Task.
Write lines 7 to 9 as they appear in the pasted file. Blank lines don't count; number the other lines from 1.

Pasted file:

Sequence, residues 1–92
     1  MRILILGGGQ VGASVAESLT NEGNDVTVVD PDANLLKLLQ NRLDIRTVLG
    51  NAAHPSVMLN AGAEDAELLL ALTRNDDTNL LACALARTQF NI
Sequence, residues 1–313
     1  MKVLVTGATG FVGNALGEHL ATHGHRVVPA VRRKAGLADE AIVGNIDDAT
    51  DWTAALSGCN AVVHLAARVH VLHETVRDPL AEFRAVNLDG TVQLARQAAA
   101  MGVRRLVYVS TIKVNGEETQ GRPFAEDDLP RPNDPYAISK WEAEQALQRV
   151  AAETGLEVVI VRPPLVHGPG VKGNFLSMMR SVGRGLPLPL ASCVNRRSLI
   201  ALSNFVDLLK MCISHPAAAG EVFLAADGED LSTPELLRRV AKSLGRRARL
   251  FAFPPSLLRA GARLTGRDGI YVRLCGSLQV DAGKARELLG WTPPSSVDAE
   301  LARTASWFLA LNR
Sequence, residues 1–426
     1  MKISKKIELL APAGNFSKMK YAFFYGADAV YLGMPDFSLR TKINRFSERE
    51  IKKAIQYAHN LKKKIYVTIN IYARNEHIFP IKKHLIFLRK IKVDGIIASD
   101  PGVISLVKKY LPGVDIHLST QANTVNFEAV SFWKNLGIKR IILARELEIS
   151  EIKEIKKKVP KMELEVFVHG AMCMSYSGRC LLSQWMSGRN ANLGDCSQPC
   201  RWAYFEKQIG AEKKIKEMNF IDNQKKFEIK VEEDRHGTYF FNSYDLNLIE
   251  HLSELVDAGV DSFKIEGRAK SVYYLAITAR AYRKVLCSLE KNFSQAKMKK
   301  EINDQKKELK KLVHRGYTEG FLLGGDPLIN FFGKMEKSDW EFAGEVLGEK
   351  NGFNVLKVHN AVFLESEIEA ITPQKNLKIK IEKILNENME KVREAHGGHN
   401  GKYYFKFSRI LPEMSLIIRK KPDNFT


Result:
   101  MGVRRLVYVS TIKVNGEETQ GRPFAEDDLP RPNDPYAISK WEAEQALQRV
   151  AAETGLEVVI VRPPLVHGPG VKGNFLSMMR SVGRGLPLPL ASCVNRRSLI
   201  ALSNFVDLLK MCISHPAAAG EVFLAADGED LSTPELLRRV AKSLGRRARL